Using Average Absolute Error to Uncover Tuning Issues

Average Absolute Error (AAE) Provides an Intuitive Alternative to Variance and Simplifies the Assessment of Changes in PID Controller Performance

Quite simply, things at a manufacturing facility can change for the better or they can change for the worse. When production staff are the agents of change, then more often than not those changes result in improvements to some aspect of production. On the flip side when they’re not involved in overseeing those changes, bad things are usually afoot.

Due to the size and complexity of most manufacturing environments change is a constant. Some of those changes can have a subtle impact like the use of a different feedstock or a shift in environmental factors (e.g. increased humidity due to rain). Other changes can be more profound like the sudden failure of mechanical equipment. Whether subtle or significant, change will impact production efficiency and throughput to one degree or another.

Due to the size and complexity of most manufacturing environments change is a constant. Some of those changes can have a subtle impact like the use of a different feedstock or a shift in environmental factors (e.g. increased humidity due to rain). Other changes can be more profound like the sudden failure of mechanical equipment. Whether subtle or significant, change will impact production efficiency and throughput to one degree or another.

Maintaining awareness of the different changes and assessing their potential impact on performance can present a challenge. Technologies like control loop performance monitoring (CLPM) keep a constant watch on a facility’s PID controllers, using various key performance indices (KPIs) to assess the health of regulatory control systems. Most CLPM systems utilize simple Variance to assess change. Average Absolute Error is an alternative that offers a simpler means of interpreting data and assessing the implication.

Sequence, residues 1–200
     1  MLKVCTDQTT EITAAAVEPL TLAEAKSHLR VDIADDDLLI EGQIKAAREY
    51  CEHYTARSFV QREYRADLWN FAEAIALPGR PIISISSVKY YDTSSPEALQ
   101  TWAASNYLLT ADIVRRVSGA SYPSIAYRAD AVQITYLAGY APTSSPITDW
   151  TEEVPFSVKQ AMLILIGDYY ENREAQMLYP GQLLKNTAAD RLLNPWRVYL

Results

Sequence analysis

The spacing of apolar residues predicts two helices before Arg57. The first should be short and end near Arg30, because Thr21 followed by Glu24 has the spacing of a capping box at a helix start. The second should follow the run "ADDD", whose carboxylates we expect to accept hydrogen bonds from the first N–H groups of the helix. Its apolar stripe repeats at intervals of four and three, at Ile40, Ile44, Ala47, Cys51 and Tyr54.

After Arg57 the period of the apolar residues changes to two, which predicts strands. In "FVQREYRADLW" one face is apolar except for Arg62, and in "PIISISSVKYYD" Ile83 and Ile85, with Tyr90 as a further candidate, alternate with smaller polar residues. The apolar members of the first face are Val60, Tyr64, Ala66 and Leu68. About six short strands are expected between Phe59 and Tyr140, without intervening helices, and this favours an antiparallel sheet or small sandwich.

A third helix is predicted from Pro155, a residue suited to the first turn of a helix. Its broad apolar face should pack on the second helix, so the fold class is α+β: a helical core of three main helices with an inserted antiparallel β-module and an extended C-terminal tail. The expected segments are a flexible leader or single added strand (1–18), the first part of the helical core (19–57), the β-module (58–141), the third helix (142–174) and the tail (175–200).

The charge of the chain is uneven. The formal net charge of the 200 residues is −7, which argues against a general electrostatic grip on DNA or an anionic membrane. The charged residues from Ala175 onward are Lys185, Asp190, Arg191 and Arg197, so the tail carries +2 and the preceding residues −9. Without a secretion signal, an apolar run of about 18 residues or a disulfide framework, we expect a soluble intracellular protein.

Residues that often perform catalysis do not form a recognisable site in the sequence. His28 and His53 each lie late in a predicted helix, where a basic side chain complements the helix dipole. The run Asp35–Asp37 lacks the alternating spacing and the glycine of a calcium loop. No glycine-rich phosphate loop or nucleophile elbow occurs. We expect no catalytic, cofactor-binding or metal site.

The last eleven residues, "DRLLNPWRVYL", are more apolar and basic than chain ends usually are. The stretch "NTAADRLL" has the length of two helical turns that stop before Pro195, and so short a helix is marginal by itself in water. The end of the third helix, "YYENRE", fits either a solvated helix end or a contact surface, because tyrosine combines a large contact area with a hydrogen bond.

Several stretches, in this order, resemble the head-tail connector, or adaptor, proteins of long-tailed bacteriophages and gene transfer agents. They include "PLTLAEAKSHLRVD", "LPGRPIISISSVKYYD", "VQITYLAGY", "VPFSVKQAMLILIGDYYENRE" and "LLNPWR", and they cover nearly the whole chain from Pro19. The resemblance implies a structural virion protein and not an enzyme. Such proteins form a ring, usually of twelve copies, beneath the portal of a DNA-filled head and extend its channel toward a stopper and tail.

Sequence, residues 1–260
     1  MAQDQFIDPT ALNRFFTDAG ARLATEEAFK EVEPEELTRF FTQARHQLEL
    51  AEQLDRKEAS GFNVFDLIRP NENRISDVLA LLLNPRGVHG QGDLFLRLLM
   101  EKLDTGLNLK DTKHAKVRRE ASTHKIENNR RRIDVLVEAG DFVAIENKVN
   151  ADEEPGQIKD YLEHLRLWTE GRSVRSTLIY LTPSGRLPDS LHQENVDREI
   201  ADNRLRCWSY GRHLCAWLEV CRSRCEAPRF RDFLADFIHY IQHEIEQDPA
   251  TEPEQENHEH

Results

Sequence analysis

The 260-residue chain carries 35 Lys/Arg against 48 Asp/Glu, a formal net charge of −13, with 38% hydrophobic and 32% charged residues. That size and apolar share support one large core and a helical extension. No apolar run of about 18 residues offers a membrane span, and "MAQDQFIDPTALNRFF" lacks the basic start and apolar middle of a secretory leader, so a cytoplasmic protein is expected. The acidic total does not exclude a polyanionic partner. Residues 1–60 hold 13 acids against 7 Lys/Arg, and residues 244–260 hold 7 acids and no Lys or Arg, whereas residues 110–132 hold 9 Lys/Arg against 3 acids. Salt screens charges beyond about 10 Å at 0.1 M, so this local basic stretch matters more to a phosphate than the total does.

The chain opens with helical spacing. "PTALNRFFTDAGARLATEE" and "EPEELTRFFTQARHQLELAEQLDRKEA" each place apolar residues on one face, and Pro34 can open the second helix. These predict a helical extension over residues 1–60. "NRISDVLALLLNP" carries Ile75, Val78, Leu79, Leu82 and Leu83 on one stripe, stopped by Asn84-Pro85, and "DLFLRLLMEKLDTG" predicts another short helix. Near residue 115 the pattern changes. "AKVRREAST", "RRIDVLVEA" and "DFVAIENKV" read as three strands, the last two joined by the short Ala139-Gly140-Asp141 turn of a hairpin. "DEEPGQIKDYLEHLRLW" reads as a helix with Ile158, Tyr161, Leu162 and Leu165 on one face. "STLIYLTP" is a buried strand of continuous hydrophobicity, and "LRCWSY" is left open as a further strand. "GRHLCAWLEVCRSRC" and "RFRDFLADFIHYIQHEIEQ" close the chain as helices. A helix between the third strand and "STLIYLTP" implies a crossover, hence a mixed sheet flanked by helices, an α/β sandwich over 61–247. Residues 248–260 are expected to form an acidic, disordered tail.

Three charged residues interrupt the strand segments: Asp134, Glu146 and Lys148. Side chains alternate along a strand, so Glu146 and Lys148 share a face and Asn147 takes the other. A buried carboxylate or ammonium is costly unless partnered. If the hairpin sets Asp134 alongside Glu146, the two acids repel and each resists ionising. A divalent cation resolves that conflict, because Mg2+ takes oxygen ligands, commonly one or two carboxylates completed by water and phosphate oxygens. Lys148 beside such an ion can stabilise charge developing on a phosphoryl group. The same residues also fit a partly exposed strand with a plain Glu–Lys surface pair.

Consider the following:

  • Defining the Metric

Average Absolute Error is a metric for assessing change within a given PID control loop. It quantifies the difference between the loop’s Set Point and the corresponding measured Process Variable. As a measure of control loop performance, Average Absolute Error tracks how effective the loop is at maintaining Set Point.

  • Rating the Change

Some degree of variability should be expected within a PID loop as production processes are highly interactive and inherently dynamic. That said, any notable increase in the value for Average Absolute Error generally corresponds with a change that production staff should at least note if not investigate and address. While modest increases of 5%-10% generally correspond with everyday variability, increases greater than 10% point to an issue in need of attention.

  • Seeking a Solution

While tuning is not the answer to all controller issues it can resolve some increases in PID loop variability. An adjustment in feedstock, a load change, and even a shift in seasons are sources of change that can be accommodated with modified tuning parameters that are better suited for the process’ altered dynamics.

Two keys to managing change are awareness and analysis. Metrics like Average Absolute Error can provide timely awareness of changes in production conditions. As part of a plant-wide monitoring solution Average Absolute Error and other KPIs enable production staff to stay on top of their expansive environment. That said, analysis is equally important. More often than not it is determining the source of the change that provides the key to an effective corrective action.

 

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